Easter Sunday 2021

Easter Sunday 2021

Pastor Jerry Gillis - April 4, 2021

Community Group Study Notes

1. Have someone in your group provide a brief, 2-minute summary of Sunday’s teaching.
2. What was one thing that God brought to your attention through this message?
3. Read Psalm 13 in its entirety. What were some of the emotions that David expresses here? How does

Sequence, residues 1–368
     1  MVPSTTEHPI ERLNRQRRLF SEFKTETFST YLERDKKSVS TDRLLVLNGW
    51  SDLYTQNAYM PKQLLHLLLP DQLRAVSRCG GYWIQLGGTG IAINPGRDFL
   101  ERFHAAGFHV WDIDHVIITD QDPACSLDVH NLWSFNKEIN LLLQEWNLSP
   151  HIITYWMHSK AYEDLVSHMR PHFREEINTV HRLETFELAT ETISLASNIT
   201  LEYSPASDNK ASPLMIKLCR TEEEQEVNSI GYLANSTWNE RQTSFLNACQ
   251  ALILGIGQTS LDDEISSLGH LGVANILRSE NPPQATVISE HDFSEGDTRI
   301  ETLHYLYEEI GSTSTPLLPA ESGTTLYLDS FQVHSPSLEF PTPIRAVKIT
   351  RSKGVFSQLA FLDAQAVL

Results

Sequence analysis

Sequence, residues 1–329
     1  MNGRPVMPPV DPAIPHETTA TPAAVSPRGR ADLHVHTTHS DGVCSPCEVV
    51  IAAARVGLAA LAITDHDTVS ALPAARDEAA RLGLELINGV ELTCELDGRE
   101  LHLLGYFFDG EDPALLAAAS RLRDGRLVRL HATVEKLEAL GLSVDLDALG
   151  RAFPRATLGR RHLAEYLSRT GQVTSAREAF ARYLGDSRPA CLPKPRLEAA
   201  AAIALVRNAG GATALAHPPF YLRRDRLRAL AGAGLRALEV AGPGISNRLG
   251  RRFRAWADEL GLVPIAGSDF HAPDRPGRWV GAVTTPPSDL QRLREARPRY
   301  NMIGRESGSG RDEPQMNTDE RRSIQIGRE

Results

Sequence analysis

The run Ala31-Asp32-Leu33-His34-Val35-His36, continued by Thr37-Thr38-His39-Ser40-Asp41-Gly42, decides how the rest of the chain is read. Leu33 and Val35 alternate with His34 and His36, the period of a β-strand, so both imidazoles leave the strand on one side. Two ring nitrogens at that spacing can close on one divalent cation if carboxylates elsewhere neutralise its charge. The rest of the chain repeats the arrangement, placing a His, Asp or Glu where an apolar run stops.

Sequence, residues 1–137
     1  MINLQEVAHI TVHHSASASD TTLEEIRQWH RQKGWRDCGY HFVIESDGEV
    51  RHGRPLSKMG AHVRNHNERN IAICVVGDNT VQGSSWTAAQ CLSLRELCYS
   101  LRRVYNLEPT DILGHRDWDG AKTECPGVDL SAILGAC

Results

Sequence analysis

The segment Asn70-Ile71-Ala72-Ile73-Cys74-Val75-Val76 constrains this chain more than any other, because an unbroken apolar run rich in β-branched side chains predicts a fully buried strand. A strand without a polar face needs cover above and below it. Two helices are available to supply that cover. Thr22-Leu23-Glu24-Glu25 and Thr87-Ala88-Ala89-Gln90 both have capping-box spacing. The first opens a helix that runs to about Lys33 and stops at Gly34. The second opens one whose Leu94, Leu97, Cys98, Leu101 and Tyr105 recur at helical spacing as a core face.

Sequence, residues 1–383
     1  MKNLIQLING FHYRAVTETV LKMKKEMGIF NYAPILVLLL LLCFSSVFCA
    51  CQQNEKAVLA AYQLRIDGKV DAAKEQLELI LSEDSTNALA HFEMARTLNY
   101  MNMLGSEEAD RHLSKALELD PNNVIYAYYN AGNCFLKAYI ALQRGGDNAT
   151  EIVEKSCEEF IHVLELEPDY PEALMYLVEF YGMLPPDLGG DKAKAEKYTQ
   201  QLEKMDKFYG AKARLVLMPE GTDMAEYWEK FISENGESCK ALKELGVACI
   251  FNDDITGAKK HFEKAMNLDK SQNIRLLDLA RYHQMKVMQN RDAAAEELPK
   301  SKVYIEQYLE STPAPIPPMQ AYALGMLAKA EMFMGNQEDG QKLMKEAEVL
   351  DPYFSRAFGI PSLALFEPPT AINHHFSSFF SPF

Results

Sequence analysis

he process through those feelings and pursue truth? Where does he land?
4. Why do we allow ourselves to be distracted when feeling some of the same emotions that David
experienced? What can we learn from David in Psalm 13 about how to handle this differently? What
will change in our lives as a result?
5. How will you personally and specifically apply this message in your life?


Sermon Transcript